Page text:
Sometimes, It Takes a Village

Someone with a better grasp on sociology than me may want to correct me, but I’m of the very strong belief that for virtually all of human history until, like, five minutes ago (50 years, at most?), most people in human society, regardless of where they lived—city or farm—experienced life the way people in tribes and villages did.

We didn’t have digital or even amazing telecom infrastructure weaving in and out of every small- and mid-sized town 40 years ago.

People HAD to speak in person, or mail a physical letter to even communicate with other people.

Neighbors knew each other. They frequently knocked on one another’s doors to borrow an egg or a cup of sugar.

If one of my neighbors I don’t know knocks on my door and asks to borrow an egg or a cup of sugar, I’m going to tell them I don’t have any (even if I do) through my locked screen door, and assume they’re plotting my murder.

And I seriously live in a ‘nice,’ ‘safe’ neighborhood where, honestly, I’m probably the scariest person because I’m a single adult male who lives alone and probably in their imaginations collects flea market-purchased taxidermy and eats a lot of Hot Pockets. (*shakes head no*)

Seriously.

Human beings have adult challenges.

They can range from small-appliance repair and the inability to reach something on the top shelf, to emergency childcare or transportation to a hospital.

And I think it’s EASILY demonstrable that back in 1980 when there were 100 million fewer people in the United States, MORE people knew one another and were interconnected on a personal level.

Basically, when life was HARD, on a minor level (small repair) or a macro one (death in family or major illness) the majority of people were surrounded by people who would help shoulder some of that load.

You can still find pockets of this.

School communities.

Big families.

Churches.

Soldiers.

Social groups.

Team athletics.

But many of us? By virtue of our age and life circumstances? What existed for us in our youth going to school, and probably even young adulthood, can disappear gradually and without warning.

Until life gets hard on a minor level or a macro one—and not only are you lacking people willing to help, but perhaps you’re having trouble finding anyone you’d even want to talk to about it.

I’ve shared this before in Could the Loss of Tribe be Jeopardizing Your Marriage, but it’s worth sharing again. I can’t explain any of this better than it’s written in this excerpt from Why Growing Up Is Hard to Do (But Why the World Still Needs Adults):

Isolation and the Loss of Tribe

“For most adults, the period of life they are most nostalgic for is high school and/or college. The longing for this period is usually chalked up to a desire to return to a time when they weren’t so freighted with life’s responsibilities. Surely that is part of it, but I think the real reason we miss our youth is often overlooked: it was the last time in our lives when we experienced a sense of “tribe.”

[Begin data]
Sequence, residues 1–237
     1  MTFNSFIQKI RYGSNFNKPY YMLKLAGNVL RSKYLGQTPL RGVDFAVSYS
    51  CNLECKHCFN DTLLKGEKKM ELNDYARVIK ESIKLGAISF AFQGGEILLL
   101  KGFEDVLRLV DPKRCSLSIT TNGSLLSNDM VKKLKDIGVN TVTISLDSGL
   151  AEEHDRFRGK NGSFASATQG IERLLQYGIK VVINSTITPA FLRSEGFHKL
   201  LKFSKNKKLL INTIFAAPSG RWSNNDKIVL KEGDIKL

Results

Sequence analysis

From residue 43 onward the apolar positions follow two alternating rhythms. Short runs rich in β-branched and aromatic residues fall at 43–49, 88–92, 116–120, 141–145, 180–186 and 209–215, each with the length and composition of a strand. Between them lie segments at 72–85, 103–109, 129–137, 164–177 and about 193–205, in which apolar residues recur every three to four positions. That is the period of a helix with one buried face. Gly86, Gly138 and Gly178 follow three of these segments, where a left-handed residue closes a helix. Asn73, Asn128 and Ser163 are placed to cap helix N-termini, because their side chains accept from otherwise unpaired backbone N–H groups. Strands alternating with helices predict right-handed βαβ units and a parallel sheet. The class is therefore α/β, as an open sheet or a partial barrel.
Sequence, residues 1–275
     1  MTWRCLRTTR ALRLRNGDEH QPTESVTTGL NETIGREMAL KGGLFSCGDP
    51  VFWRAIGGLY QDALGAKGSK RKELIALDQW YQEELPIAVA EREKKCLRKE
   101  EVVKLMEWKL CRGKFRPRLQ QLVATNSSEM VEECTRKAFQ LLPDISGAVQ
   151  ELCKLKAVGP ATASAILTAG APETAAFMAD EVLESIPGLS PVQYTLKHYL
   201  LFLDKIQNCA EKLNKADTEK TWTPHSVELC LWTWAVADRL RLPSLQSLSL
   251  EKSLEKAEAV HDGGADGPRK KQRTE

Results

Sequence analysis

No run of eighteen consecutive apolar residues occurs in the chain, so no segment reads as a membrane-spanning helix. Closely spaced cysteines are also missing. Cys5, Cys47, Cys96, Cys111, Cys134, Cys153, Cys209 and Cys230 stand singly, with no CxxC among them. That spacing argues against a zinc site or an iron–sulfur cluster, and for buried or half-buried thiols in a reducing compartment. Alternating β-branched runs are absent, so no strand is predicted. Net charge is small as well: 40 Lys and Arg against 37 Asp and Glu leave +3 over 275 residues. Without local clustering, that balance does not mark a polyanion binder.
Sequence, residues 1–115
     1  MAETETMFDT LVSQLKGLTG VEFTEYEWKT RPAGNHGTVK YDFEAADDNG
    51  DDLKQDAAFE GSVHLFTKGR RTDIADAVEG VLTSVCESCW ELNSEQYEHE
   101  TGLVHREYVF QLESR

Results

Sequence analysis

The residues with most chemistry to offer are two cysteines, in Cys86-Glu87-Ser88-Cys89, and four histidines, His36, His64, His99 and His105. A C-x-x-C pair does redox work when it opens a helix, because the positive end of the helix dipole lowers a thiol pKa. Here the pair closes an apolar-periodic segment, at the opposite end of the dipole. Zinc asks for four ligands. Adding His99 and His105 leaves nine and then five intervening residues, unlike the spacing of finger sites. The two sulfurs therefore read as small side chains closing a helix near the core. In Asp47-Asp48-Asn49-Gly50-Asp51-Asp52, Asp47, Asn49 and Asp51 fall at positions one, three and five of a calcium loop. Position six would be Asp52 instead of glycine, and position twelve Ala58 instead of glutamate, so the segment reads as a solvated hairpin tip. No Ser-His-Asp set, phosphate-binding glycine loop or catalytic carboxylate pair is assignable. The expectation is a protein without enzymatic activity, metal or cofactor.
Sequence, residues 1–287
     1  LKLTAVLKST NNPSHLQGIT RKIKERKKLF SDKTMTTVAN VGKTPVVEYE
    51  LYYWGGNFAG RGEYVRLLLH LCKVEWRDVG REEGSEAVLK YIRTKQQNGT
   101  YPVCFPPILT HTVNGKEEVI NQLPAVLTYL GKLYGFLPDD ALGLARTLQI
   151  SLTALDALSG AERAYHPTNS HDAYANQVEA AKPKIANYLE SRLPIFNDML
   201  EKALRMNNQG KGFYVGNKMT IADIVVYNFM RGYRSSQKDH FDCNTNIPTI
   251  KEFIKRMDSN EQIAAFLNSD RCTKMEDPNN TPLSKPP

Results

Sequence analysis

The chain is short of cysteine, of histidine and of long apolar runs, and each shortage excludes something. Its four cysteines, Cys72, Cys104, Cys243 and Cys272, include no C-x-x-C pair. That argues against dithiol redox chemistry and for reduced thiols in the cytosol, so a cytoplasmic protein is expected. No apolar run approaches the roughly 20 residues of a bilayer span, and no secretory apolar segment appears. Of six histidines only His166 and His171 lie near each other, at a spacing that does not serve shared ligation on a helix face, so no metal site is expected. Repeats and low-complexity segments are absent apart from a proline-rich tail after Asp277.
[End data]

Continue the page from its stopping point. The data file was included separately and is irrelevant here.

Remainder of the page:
In high school and college, most of us had a group of great friends we saw on a daily basis. Many of us ran with a “gang” of guys, that sometimes joined with a posse of gals, forming a coed tribe that was enormously fun to hang out with.

Then, folks grew up, paired off, got hitched, and had kids. Few adults see their friends on a daily basis; the lucky see each other weekly, and for most, scheduling times to get together isn’t easy. It is then no wonder we get nostalgic for our younger days; it represents the last time our lives resembled the primordial pattern.

In hunter-gatherer tribes, male gangs hunted and battled together. Female posses raised their kids together. Everyone lived and worked together each day with dozens of others. Burden and joys were shared. One’s whole identity was tied up in being part of this tribe.

Today, we have never been more isolated. Many folks don’t even live near their extended kin, and the nuclear family is increasingly marooned on the desert island of the suburbs. Men (and women) go off to work in a cubicle with a bunch of fellow employees they may feel no real kinship with. Many women spend all day enclosed in the four walls of their home, cut off from all other humans, save their inarticulate toddler. Many people, male and female alike, are lonely and unhappy because they are without a tribe.